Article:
US sprinter slams IOC over reactions to failed drug tests – Boston University News Service


By Madeleine Pearce
Boston University Press Office

American sprinter Sha’Carri Richardson took to Twitter last week to wonder why Russian skater Kamila Valieva had been cleared to compete in the Beijing Winter Olympics after a failed doping test.

Richardson, a favorite for the gold medal, was due to compete in the Tokyo Olympics over the summer before a positive drug test led her suspension. US Olympic team trial winner tested positive for THC, an active ingredient in marijuana, and lost opportunity to race in the 100 women meters. Richardson admitted to smoking marijuana after learning about the death of his biological mother.

Last week, Richardson posted a series of tweets following the Court of Arbitration for Sport’s decision decision to allow Russian skater Kamila Valieva to continue competing after testing positive for trimetazidine – a banned heart drug.

“Can we get a solid answer on the difference between his situation and mine? Richardson tweeted. “My mum died and I can’t race and I was also favored to finish in the top 3. The only difference I see is that I’m a young black woman.”

the to taste from the positive test result was taken on December 5, 2021. Valieva’s results were not released until more than 40 days after the test date, when she had already led Russia to a medal gold in team figure skating in Beijing on February 7. .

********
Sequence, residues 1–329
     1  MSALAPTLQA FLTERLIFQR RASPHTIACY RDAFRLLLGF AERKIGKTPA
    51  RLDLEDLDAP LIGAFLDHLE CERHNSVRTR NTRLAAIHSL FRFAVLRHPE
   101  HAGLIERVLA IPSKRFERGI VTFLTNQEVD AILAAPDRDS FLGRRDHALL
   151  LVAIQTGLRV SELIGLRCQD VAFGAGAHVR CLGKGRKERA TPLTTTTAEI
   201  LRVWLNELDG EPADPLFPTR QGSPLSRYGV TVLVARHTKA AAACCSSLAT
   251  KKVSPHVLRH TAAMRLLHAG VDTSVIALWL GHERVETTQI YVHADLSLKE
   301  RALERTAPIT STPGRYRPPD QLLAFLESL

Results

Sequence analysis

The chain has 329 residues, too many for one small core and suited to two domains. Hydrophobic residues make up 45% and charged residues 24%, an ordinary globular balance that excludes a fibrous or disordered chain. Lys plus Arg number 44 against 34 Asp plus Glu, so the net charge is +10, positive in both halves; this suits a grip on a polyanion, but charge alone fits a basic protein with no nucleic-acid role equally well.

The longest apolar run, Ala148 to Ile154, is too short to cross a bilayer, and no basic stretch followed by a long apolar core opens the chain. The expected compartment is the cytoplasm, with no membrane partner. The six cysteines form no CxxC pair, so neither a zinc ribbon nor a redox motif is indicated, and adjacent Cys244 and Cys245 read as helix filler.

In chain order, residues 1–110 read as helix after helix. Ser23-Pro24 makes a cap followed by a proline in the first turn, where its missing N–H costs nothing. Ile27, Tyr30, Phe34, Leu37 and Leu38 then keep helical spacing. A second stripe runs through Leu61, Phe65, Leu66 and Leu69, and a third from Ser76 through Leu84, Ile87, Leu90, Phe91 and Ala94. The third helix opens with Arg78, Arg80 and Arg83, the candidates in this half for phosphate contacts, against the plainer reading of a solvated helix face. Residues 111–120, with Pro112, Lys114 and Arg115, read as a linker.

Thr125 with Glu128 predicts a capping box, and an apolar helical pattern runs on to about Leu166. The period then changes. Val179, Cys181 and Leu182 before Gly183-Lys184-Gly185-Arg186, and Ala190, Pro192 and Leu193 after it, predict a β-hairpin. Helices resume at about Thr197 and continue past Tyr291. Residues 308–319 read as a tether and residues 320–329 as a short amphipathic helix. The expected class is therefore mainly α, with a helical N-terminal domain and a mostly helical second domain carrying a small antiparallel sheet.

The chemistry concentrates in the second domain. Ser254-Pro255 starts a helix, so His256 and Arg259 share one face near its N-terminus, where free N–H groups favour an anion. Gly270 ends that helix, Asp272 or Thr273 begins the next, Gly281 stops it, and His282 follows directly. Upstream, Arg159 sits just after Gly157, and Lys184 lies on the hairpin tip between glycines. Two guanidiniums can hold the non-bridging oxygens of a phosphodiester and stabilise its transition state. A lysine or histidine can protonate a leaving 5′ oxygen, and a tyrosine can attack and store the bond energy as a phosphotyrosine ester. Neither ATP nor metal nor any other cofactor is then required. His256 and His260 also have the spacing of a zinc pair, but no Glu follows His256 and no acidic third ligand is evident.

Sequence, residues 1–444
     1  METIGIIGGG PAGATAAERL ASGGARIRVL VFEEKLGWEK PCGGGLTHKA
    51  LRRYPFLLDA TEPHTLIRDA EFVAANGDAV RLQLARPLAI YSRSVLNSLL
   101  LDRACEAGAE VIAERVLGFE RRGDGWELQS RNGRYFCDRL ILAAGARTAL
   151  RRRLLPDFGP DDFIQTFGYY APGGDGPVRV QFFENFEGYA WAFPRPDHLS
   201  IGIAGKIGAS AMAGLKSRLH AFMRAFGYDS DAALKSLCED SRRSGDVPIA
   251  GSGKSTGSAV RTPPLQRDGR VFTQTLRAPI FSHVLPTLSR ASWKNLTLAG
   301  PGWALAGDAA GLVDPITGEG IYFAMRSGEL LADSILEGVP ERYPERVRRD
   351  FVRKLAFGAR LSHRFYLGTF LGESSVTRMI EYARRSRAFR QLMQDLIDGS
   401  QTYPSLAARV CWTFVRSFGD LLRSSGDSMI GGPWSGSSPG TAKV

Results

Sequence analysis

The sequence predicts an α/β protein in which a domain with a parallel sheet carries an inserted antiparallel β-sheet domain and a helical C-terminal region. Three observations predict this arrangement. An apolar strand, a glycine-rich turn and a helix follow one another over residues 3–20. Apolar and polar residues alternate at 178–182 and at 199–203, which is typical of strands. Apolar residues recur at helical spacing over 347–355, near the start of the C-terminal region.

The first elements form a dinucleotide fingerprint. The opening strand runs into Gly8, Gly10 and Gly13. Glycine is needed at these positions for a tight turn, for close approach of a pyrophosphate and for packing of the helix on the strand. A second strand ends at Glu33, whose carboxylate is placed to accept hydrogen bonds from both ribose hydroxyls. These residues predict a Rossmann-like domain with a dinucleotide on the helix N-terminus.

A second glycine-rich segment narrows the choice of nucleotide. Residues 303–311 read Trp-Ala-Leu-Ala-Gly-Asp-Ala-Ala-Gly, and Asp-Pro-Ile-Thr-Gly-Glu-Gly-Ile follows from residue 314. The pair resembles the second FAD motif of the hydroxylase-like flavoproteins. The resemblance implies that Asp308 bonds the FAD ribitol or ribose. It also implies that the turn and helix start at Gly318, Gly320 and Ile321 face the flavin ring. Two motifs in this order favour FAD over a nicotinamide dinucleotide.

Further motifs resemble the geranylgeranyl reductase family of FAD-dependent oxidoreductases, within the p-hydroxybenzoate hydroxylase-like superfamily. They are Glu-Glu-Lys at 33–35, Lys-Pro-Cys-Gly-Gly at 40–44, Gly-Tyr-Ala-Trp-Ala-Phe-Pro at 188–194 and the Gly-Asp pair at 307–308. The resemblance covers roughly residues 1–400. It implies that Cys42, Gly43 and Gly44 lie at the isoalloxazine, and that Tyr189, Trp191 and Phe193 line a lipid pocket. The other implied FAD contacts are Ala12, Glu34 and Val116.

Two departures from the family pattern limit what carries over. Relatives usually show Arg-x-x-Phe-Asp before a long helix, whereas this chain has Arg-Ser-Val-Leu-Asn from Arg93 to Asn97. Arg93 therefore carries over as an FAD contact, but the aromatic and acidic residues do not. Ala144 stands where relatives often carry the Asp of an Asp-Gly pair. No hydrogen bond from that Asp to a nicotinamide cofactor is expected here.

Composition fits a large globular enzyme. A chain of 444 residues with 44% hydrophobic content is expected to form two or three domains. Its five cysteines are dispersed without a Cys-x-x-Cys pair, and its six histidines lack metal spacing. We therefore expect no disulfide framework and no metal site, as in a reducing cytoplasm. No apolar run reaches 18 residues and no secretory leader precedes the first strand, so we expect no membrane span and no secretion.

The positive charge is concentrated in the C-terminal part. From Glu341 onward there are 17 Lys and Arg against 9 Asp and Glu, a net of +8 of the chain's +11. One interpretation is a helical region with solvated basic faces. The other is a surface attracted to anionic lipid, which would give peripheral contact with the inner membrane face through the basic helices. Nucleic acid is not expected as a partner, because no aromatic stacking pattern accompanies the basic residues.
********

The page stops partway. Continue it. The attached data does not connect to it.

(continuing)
Previously the to research ruled that Valieva’s status as a “protected person” precluded her from facing a provisional suspension and argued that removing her from the contest would cause her “irreparable harm.”

The World Anti-Doping Agency lists a “protected person” as an athlete under the age of 16.

“If she’s talented enough to compete against the best in the world, then she should be held, in many ways, to the same standards and expectations as they are,” said Anthony Sherrod Blakely, a Boston University professor and president of the Associated Newspaper Sportswriters Diversity Committee.

The International Olympic Committee reacted to the court’s decision by postponing medal ceremonies Should Valieva make it into the top three.

“But still, having someone who has a positive doping test competing in these Olympics is just a slap in the face for all those athletes who are doing it the right way,” said Christine Brenan from CBS in response to the IOC’s announcement.

The scandal surrounding Valieva’s positive doping test follows Russia’s long history of athletes using performance-enhancing drugs. In 2019, a report outlining a state-sponsored program for athletes to use illegal drugs led to Russia’s two-year ban from the Olympics. The ban prevented Russian athletes from performing under the Russian flag and playing their national anthem, which resulted in several Russian athletes losing medals.

“It should come as no surprise that they are embroiled in some sort of doping scandal again,” Blakely said. “There is a lot of irony in the IOC’s justification for allowing this athlete to continue and not have a medal ceremony.”

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